Question: Did you know this?
Answer: “The cooperation movement (c. 1900-1930) was the first in a series of twentieth century attempts to broaden responsibility for language instruction by involving faculty across the curriculum, the most recent of which is the current writing-across-the-curriculum movement. Cooperation in language instruction was another of the wide-spread urban educational reforms of the Progressive Era (c. 1900-1920).”
“Though the cooperation movement finally had little effect on writing instruction in the 1930s and beyond, it raised central issues of curricular organization and language pedagogy to which later reformers returned.” P. 399.
Specialization vs. Cooperation
“In a nation which cherishes ideals of unity and equal opportunity, it is easy to forget that specialization is not a temporary aberration, to be corrected with some new program or pedagogy that will remove or negate differences; it is the fundamental organizing principle of modern education and, behind that, of modern knowledge and life. Every curricular reform of writing instruction in secondary or higher education must sooner or later come to terms with differentiation and the attitudes it fosters.” P. 421.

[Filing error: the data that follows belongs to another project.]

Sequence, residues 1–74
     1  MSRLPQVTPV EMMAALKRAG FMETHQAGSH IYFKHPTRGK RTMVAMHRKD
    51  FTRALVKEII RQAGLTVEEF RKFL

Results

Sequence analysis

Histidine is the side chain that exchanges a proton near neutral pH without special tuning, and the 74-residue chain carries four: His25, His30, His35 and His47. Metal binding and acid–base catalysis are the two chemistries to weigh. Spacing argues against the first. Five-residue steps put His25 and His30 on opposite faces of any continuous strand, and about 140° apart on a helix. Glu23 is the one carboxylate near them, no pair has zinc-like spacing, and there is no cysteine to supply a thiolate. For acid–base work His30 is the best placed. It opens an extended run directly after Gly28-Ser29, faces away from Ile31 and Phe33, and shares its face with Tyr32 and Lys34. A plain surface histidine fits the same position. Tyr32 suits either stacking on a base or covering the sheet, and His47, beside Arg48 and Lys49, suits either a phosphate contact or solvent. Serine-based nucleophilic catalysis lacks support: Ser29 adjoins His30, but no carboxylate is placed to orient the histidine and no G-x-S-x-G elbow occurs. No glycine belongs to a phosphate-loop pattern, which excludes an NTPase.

Comment: It’s not going to be easy to overcome the desire for specialization.
This article is a lesson in the history of teaching English. Another “Been there, done that.” I think professional journals would do well, when publishing articles on the latest ideas, to begin by suggesting ideas related to the topic that have been tried before. Would give readers the context of the history of the idea. Would help readers separate what is new about the idea this time from what has already been tried—not necessarily unsuccessfully. Of course, authors are supposed to do that when they review articles related to the topic in the beginning of the article, but those references are usually relatively recent. I’m talking about historical perspective. I admit I did not know about the cooperation movement of 1900 to 1920. RayS.
Title: “The Cooperation Movement: Language Across the Curriculum and Mass Education, 1900-1930.” David R. Russell. Research in the Teaching of English (December 1989), 399-423.